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    Managing Geo-Distributed Infrastructure

    For enterprises looking to support regional offices with a robust workforce but lacking a significant on-site IT presence, SDDC running on HCI appliances can provide the needed data center capacity and efficient remote support. Strong centralized management and orchestration capabilities enable lower OpEx by allowing IT organizations to consolidate their staffing resources, centralize oversight of multiple regional data centers, and reduce the level of on-site resources needed in each regional office as would be required to maintain legacy infrastructures.

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    Management and Orchestration

    With SDDC architecture in place, your entire data center operations – including legacy infrastructure and cloud-based solutions – will benefit from powerful, single-point-of-management toolsets. Having visibility and control of the entire SDDC infrastructure means being able to automate and orchestrate the administration of task workflows required to support the complete IT environment.

    Such end-to-end management tools reduce the complexity and maintenance challenges associated with the disjointed and inefficient coordination of underlying infrastructures. This efficiency saves both time and money, allowing the enterprise to focus its intellectual and financial resources on line-of-business objectives.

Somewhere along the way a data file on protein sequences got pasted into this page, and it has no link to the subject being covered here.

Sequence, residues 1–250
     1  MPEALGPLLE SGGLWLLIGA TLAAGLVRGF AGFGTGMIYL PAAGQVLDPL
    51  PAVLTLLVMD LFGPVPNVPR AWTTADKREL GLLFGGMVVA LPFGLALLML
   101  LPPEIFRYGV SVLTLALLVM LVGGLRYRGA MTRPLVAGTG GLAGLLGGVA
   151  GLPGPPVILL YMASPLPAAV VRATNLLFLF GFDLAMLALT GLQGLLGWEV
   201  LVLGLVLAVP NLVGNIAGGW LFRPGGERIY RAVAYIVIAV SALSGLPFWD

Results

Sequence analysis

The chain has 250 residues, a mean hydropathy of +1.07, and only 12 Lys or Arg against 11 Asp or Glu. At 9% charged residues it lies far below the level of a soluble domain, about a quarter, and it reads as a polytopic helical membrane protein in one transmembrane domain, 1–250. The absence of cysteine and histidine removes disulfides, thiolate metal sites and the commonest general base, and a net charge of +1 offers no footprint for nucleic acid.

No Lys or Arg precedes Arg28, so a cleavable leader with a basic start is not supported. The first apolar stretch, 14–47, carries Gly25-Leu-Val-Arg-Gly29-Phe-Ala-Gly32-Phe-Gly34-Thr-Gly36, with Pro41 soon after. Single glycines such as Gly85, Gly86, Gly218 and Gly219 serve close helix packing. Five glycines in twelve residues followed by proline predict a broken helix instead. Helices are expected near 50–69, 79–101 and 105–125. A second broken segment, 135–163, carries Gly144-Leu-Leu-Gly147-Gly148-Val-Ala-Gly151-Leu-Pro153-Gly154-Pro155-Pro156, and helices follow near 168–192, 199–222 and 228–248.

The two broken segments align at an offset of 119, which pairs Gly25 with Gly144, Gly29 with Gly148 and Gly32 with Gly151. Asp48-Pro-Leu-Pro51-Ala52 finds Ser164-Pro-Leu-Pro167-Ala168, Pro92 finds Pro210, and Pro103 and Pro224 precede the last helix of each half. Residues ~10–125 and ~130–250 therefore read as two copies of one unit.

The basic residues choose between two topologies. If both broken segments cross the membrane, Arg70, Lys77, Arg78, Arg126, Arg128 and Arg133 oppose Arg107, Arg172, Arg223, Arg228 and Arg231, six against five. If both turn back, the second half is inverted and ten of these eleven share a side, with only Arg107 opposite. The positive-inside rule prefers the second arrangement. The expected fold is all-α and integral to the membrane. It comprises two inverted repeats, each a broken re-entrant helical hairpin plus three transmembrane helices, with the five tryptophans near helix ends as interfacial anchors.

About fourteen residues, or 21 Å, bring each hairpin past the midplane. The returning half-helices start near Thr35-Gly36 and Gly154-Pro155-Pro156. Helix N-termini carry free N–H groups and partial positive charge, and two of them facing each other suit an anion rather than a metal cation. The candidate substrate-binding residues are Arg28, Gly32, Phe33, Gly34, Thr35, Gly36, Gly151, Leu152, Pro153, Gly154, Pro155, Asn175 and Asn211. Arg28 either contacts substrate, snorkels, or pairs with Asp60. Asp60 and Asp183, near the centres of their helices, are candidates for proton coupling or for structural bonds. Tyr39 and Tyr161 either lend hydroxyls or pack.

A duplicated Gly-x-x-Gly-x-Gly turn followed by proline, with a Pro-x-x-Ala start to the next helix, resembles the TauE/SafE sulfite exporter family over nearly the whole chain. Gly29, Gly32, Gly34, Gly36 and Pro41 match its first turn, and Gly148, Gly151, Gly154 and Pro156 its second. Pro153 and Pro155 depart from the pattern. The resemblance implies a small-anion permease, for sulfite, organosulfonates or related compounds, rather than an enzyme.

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    Conclusion

    Emerging consensus reveals that the eventual future of IT services delivery will be not just cloud-based, but cloud-first. However, the Bimodal IT approach is more than a bridge; it is the relevant solution for the foreseeable future.

    For the enterprise IT organization, the key lies in finding an IT infrastructure solutions provider that can service both tracks simultaneously with a suite of cloud-ready infrastructure solutions offering the right mix of simplicity, flexibility and scalability. This will ensure the ability to migrate workloads across a variety of infrastructure configurations via a single management and organization toolset.

    SDDC on integrated systems will make your IT delivery more flexible, secure, scalable, seamless and efficient.